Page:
Manuscript of mystery

Matti Friedman's exciting real life detective work recently won the Sami Rohr Prize for Jewish Literature

10th century Aleppo codex (photo credit: REUTERS)
10th century Aleppo codex
(photo credit: REUTERS)
Until 2008, reporter Matti Friedman had never heard of the Aleppo Codex, generally acknowledged to be the world’s most accurate text of Hebrew scriptures.
Written in Tiberias around the year 930 CE, the bound manuscript of just under 500 parchment pages made its way to Jerusalem, Egypt and then 14th-century Syria, where it remained in an Aleppo synagogue until the establishment of the State of Israel. Now the book – minus a chunk of missing pages – is back in Jerusalem at the Israel Museum.
The Aleppo Codex: In Pursuit of One of the World’s Most Coveted, Sacred and Mysterious Books, Friedman’s 2012 Algonquin Books story about the holy book, has won its author the $100,000 Sami Rohr Prize for Jewish Literature for 2014. This is the world’s biggest prize package of its kind, and recognizes talented emerging Jewish authors.
Speaking from his home in Jerusalem’s Talpiot neighborhood, Friedman speculates as to why his non-fiction work about an ancient manuscript proved so extraordinarily captivating.
“It’s an incredible story; it’s got everything.
At the center is the objectively fascinating perfect copy of the Bible, a window through which we can see 1,000 years of Jewish history and an important part of the mechanism of Jewish survival, because the text has kept Judaism alive in the Diaspora,” he says. “Around that, you have all the elements of a thriller: spies, antiquities collectors, scholars, rabbis, secrets, deception, murder, things that are not what they seem. That mix proved compelling.”
The Aleppo Codex was designated one of Booklist’s top 10 religion books of the year, won the American Library Association’s Sophie Brody Medal and the Canadian Jewish Book Award for history, and took second place as the 2013 non-fiction religion book of the year from the Religion Newswriters Association.
Friedman continues to field media inquiries and requests for speaking engagements concerning The Aleppo Codex, which has also been released in Australia, Holland, France, Germany, the Czech Republic, Korea and Israel (by Kinneret Zmora-Bitan Dvir Publishers as Ta’alumat Haketer, translated by Aliza Raz-Meltzer).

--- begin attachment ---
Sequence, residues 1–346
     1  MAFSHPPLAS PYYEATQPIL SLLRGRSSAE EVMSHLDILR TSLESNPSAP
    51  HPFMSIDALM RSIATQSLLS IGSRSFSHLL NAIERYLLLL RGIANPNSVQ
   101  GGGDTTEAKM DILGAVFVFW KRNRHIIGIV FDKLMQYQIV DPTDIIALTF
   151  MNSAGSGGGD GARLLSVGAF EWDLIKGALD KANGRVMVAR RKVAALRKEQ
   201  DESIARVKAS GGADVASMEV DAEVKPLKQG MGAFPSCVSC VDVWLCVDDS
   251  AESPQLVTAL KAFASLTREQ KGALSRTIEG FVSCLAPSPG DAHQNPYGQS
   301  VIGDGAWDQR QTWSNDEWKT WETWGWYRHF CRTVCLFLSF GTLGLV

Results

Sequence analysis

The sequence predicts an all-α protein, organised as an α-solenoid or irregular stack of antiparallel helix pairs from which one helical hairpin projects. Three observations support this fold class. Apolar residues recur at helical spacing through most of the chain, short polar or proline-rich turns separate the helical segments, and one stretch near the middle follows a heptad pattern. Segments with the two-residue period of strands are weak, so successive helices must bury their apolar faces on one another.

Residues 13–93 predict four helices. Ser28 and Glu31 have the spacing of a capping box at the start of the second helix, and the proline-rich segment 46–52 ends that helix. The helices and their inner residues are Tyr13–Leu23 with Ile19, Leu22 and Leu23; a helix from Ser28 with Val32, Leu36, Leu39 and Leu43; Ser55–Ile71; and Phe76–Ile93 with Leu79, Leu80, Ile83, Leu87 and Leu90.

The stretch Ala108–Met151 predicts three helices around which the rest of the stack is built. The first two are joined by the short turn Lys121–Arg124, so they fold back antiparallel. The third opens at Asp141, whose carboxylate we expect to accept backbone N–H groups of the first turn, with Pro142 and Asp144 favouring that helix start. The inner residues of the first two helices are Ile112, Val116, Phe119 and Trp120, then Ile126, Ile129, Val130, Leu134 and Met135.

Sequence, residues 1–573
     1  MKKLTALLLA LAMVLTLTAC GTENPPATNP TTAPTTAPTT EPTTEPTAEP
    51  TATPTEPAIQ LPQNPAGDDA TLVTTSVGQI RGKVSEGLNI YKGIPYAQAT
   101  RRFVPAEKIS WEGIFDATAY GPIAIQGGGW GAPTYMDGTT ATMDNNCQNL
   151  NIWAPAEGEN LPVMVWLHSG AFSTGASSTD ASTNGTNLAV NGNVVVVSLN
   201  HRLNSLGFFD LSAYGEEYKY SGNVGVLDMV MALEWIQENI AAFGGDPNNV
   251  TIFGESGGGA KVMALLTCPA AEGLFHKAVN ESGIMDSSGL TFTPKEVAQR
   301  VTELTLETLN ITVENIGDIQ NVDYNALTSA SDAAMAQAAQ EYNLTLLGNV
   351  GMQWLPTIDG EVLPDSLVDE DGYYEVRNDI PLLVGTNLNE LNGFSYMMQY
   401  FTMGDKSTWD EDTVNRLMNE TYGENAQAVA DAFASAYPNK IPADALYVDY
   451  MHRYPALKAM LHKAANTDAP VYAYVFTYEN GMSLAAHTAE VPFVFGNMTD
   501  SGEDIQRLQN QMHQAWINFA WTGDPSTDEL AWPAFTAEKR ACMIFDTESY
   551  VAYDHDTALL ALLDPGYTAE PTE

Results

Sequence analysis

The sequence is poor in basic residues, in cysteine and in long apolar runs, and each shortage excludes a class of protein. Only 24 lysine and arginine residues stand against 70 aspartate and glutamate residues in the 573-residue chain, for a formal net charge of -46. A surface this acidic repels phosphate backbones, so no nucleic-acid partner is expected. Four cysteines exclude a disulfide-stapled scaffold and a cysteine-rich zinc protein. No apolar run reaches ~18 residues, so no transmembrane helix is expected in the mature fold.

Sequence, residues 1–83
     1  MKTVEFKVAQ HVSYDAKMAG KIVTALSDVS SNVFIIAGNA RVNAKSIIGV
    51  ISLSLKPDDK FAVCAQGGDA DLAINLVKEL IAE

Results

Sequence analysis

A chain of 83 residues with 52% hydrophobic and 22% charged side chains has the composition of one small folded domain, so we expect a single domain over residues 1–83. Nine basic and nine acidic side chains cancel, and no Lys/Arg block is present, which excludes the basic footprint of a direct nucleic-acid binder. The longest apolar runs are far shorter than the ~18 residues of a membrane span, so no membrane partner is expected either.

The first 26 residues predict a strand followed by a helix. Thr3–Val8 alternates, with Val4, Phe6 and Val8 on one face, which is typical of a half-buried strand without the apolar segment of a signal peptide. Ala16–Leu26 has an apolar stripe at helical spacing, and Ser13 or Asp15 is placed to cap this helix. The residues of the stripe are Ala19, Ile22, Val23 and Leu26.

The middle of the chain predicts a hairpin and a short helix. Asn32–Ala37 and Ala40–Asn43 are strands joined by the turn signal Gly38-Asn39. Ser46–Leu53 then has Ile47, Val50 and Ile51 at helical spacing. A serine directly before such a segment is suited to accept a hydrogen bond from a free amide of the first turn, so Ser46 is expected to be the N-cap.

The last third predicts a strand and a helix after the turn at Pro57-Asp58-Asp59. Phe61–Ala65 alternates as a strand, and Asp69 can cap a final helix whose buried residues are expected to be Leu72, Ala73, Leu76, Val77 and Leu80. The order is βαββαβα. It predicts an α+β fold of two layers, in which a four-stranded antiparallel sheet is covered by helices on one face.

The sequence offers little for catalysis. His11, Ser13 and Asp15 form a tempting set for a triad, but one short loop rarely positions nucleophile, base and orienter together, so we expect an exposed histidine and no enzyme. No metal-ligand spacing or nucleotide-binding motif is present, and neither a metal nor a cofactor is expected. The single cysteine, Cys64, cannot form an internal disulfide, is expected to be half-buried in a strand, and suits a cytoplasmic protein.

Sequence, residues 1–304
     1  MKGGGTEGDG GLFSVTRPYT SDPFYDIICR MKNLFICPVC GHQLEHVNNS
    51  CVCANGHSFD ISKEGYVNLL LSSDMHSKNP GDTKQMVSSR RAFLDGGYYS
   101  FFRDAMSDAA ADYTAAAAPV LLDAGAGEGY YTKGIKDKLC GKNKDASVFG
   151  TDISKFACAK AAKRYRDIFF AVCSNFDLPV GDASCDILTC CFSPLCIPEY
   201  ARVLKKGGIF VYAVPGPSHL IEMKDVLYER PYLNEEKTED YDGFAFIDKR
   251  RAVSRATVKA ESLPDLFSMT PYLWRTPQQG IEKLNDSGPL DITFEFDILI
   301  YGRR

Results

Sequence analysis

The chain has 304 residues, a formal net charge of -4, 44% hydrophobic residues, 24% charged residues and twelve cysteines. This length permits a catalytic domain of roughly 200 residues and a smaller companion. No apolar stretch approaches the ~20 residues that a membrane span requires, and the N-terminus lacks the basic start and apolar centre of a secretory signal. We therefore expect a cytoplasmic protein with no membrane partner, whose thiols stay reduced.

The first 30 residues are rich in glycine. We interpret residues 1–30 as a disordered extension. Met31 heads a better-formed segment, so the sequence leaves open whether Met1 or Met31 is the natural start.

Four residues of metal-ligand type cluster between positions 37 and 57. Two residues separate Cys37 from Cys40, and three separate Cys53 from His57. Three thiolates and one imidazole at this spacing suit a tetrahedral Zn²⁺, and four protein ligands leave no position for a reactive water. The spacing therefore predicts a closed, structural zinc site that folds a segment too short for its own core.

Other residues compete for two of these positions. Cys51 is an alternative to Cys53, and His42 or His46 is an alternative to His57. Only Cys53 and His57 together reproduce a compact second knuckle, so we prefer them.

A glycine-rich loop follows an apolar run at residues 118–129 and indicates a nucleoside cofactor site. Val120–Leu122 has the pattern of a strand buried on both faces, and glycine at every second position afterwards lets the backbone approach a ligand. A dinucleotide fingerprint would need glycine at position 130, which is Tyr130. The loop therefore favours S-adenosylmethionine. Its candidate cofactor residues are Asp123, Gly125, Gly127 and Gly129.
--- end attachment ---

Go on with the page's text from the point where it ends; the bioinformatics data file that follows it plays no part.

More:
“It has had a longer life than I expected,” the first-time author says. “The interest seems to be building as awareness of the book spreads. Even people with knowledge of Jewish texts and traditions were not familiar with the codex. Now they want to know what it is.”
Formerly a reporter for the Associated Press, The Jerusalem Report and The Times of Israel, Friedman says the Rohr Prize allows him the luxury of devoting all of his time to his second, as-yet-unnamed book project.
“I see this as fuel in my engine. The prize is meant to enable me to produce a lot more in the next five or 10 years than if I had to work at a daily job to make a living,” says Friedman.
Raised in Toronto, at age 17 Friedman moved to Kibbutz Ma’aleh Gilboa in 1995.
He relocated to Jerusalem for university studies after his army discharge in 2000, and never left the city. He and his wife, Naama, who hails from Kibbutz Sde Eliyahu, have three young children.
Though he acknowledges that winning the prestigious book prize is “a great honor,” Friedman jokes that he cannot get a swelled head because his family keeps him grounded.
“I have three little kids, so I can’t get too high,” he says with a laugh. “My life revolves around taking care of them, not living in the literary stratosphere.”
The Rohr Prize alternates annually between fiction and non-fiction; the 2012 prize went to Gal Beckerman for his first book, When They Come for Us, We’ll Be Gone: The Epic Struggle to Save Soviet Jewry.
Beckerman is in some ways the mirror image of Friedman, in that he has Israeli parents but was born and raised in the US.
The two authors met at the prize ceremony two years ago and Friedman says he looks forward to meeting Beckerman again soon. “Part of the prize is a literary meet-up in the States every summer with all the winners and finalists,” he explains. “If you’re a reporter, you have peers at your magazine or newspaper, but when you’re writing books it’s quite lonely. So a group of peers is important.
It’s valuable to see how others are doing what they do.”
About his book in progress, he will say only that it is about Israel. “So much of what’s written about Israel is cliché, negative or positive, and I try to write about this country while avoiding the clichés.
The country is so vibrant and complicated that you need to escape the rote versions of what this place is – to see it with new eyes.”
Friedman feels that living in Jerusalem gives him that new set of eyes.
“It’s hard to imagine a city with a more fascinating mix of cultures and religions.
As a reporter, full-time since 2003, I’ve had the privilege of crossing the ethnic and religious lines and getting to know the city in a way most people don’t, and all that gets expressed in my writing,” he says.
Jerusalem settings figure prominently in The Aleppo Codex – the Karaite synagogue that first housed the manuscript, the invading Crusaders who pillaged it, the 1948 War of Independence, Yad Ben-Zvi, the rabbinical court, the Hebrew University.
“That’s all part of my city, and I love this city. I wake up every morning still interested in it. Even what I write that is not about Jerusalem, is informed by living here,” Friedman says.
Concerning the mystery of those missing 200 pages of the ancient work, Friedman says the sleuths working on the case have not come up with new leads since the publication of his book. “As a reporter, that makes me feel good, because it means I covered my bases. But I’d love to see some or all of those missing pages surface, and I think they will one day.”